nyabingi

The sacrifice of the soldiers, the second world war and the other wars

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Memorial Day is a federal holiday in the United States for remembering the people who died while serving in the country's armed forces. Many people visit cemeteries and memorials, particularly to honor those who have died in military service. Many volunteers place an American flag on each grave in national cemeteries. In the second great war, american soldiers sacrificed themselves, even America occupies a deserved position in the world. In other wars, like the Vietnam, they died in vain.
[url=https://imgbb.com/]Vietnam_War.jpg[/url]

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Moderator Note

This is a science discussion forum. What aspects of either soldier's sacrifice or Memorial Day do you wish to discuss? Do you have any questions?

 

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In Australia, along with New Zealand, we commemorate our war dead on the 25th April every year, and which we call ANZAC DAY, Australian and New Zealand Army Corps. Some see it as a glorification of war. I believe they are wrong. I was born towards the end of WW2 and missed the lottery for conscription for the Vietnam war by 12 months. I have never experienced any war or war like actions in my whole life, luckily. I do not really know how I would react with bullets flying over my head, or under a bombardment...I hope I would do what my country expects and asks. So I truly respect all those that have lost their lives in war, on all sides, and believe each nation has a right to respect and honour their war dead, and that each and every nation can learn from the many terrible consequences of any war and the price that any nation irrespective of who is right or who is wrong, must pay. The first thing a nation should learn from commemorating its war dead, is to do all in its power to avoid any more war. I truly believe science can help in that regard, and that a world wide International effort to put man on Mars, and achieve and benefit from all space exploration has to offer is one way more International co-operation could be achievable.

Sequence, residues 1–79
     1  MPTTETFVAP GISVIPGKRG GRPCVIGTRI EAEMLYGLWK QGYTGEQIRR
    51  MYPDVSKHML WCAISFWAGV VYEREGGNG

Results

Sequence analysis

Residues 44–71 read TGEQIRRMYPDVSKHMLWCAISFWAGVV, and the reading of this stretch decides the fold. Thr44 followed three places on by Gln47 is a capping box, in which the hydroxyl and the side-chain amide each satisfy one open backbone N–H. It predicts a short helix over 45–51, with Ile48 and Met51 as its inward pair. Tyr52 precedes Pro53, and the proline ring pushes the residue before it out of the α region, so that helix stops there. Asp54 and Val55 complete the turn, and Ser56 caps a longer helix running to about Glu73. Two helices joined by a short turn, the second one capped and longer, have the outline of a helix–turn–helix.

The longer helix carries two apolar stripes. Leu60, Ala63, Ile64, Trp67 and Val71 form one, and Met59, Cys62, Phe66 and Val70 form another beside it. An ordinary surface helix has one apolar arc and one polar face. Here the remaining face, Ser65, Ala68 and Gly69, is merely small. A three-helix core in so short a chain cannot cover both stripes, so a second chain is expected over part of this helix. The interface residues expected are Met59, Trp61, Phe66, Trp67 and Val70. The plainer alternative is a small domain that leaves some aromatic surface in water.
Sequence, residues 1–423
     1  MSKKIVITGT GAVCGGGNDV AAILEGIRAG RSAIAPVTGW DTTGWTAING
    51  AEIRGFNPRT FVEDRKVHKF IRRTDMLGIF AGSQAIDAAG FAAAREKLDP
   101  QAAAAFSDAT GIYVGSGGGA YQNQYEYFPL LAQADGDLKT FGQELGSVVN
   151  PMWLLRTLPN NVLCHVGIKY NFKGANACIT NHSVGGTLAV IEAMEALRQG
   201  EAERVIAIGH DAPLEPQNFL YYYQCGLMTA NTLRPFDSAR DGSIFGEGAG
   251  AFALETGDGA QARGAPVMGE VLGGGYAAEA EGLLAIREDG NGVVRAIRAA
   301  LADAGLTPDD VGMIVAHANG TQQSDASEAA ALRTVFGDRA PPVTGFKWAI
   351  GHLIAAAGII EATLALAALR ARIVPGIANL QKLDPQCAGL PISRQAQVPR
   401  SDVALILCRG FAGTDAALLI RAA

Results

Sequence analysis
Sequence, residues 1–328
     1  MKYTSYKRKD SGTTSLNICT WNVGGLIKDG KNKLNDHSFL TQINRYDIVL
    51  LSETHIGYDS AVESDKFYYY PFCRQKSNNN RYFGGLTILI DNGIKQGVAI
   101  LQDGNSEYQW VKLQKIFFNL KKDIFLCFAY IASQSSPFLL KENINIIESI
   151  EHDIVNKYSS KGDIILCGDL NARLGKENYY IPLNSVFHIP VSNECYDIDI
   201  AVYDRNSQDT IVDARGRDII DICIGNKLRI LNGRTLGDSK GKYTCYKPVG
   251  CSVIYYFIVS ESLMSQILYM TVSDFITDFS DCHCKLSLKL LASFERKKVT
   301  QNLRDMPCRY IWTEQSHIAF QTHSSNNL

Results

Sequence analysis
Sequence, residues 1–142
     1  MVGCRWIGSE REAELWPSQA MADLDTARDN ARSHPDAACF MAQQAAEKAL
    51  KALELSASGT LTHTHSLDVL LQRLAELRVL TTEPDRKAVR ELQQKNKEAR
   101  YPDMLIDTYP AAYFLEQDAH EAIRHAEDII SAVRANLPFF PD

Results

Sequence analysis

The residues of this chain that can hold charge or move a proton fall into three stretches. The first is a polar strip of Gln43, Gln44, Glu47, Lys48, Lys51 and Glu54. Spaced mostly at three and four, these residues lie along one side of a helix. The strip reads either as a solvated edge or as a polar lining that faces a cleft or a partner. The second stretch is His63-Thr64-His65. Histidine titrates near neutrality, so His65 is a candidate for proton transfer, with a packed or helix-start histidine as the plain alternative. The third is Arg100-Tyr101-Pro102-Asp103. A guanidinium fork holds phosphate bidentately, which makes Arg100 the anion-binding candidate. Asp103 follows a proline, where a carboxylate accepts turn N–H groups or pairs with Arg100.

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In the United Kingdom Remembrance Sunday is the Sunday closest to November 11th. On November 11th itself a minute's silence is held across the nation at 11.00am. The eleventh hour, of the eleventh day, of the eleventh month. The time at which the Armistice ending World War I was signed.

I recall at the age of seven or eight, in a church service on Remembrance Sunday, the minister remarked that I and my fellows were too young to understand the importance of the sacrifice made by our war dead. He was mistaken. I understood it with a clarity that was both awe inspiring and comforting. I wondered if I would ever again recapture that clarity. It came, quite unexpectedly, when gazing at a plaque commemorating some of the fallen, inside the White Tower, in the Tower of London, some thirty years later. I'm hoping I may capture it again before I go.

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